Differential treatment (DT) refers to the extent to which adults treat children differently. Some Differentiation to meet children’s unique needs is considered good caregiving. However, high levels or unjustified DT may be problematic. DT by educators in early childhood education and care (ECEC) settings has rarely been studied. In this study we examined DT of children in ECEC settings in Toronto. We also tested child, educator and classroom level predictors of DT. We operationalized DT using educator reports of their Closeness and Conflict with children (n = 610) as well as observations of the Positive Language, Warmth, Engagement, and Literacy and Math Instruction from educators towards different children (n = 819). We used multilevel modeling to account for the nested structure of our data. Results revealed substantial DT across all of the domains examined in this study. Educators reported closer and less conflicted relationships with more prosocial children. They also directed more positive support and engagement towards children with oppositional behaviour suggesting that DT in this context reflected educator’s efforts to meet children’s needs. DT was not associated with family and classroom resources. However, since DT by parents has been found to be harmful for all children, the high levels of DT found in this sample of ECEC classrooms warrant more attention. Finally, the fact that individual children have quite different experiences in ECEC raises questions about what is being captured by commonly used classroom level measures of process quality that do not account for the high levels of DT.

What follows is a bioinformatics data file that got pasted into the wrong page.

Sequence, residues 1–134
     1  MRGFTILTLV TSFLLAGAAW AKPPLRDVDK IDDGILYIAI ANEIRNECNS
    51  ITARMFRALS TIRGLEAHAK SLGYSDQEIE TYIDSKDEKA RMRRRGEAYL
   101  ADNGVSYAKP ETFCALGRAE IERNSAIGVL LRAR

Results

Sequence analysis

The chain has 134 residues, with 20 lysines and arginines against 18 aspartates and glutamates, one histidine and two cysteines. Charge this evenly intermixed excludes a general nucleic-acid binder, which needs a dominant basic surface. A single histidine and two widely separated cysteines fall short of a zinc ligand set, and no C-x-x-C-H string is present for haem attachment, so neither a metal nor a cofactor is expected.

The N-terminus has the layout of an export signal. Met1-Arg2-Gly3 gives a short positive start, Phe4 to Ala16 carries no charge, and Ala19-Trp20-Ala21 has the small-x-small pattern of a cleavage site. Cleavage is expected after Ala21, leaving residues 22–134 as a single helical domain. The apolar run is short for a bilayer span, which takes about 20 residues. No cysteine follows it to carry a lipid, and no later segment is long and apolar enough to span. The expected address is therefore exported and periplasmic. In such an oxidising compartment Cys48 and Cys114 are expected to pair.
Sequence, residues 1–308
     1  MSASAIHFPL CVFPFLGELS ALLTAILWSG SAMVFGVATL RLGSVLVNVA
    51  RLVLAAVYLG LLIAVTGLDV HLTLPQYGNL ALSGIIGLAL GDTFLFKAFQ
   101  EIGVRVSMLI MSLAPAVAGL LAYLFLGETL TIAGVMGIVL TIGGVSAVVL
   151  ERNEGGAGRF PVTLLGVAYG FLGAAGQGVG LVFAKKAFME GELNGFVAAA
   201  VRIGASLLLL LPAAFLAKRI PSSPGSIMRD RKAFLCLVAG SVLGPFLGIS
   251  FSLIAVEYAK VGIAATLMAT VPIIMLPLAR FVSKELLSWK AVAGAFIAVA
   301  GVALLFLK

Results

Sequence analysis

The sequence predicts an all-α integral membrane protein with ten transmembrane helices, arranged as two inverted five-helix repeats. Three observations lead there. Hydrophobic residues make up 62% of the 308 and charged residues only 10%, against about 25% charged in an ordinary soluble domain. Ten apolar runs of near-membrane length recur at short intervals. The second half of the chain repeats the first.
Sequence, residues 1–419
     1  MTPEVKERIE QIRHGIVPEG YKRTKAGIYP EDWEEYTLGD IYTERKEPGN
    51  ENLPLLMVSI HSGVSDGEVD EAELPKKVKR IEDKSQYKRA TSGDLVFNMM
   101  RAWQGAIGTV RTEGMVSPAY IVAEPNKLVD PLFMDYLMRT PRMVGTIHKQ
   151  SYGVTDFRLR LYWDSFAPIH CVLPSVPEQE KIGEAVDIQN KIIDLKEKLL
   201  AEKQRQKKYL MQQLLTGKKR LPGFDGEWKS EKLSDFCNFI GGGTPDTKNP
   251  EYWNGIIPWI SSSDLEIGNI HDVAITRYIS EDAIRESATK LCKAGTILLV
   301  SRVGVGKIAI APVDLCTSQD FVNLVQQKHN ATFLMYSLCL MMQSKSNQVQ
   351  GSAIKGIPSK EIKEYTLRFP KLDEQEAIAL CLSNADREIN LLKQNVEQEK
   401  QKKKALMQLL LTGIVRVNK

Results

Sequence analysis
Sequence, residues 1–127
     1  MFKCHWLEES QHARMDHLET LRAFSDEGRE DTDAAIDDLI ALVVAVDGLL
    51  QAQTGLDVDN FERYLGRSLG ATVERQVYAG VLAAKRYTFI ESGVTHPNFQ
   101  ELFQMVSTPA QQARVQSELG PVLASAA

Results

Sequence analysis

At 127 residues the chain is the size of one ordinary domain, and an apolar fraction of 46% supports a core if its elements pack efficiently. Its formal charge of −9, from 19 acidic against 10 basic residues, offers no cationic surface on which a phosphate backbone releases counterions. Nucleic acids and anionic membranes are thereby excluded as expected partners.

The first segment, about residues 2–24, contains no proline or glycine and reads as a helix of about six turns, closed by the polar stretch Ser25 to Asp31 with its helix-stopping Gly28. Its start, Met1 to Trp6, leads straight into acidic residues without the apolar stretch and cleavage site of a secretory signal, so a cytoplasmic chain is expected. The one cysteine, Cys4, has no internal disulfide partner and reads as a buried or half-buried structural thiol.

Michal Perlman, University of Toronto, Canada
Gabriella Nocita, University of Toronto, Canada
Olesya Falenchuk, University of Toronto, Canada
Jennifer Jenkins, University of Toronto, Canada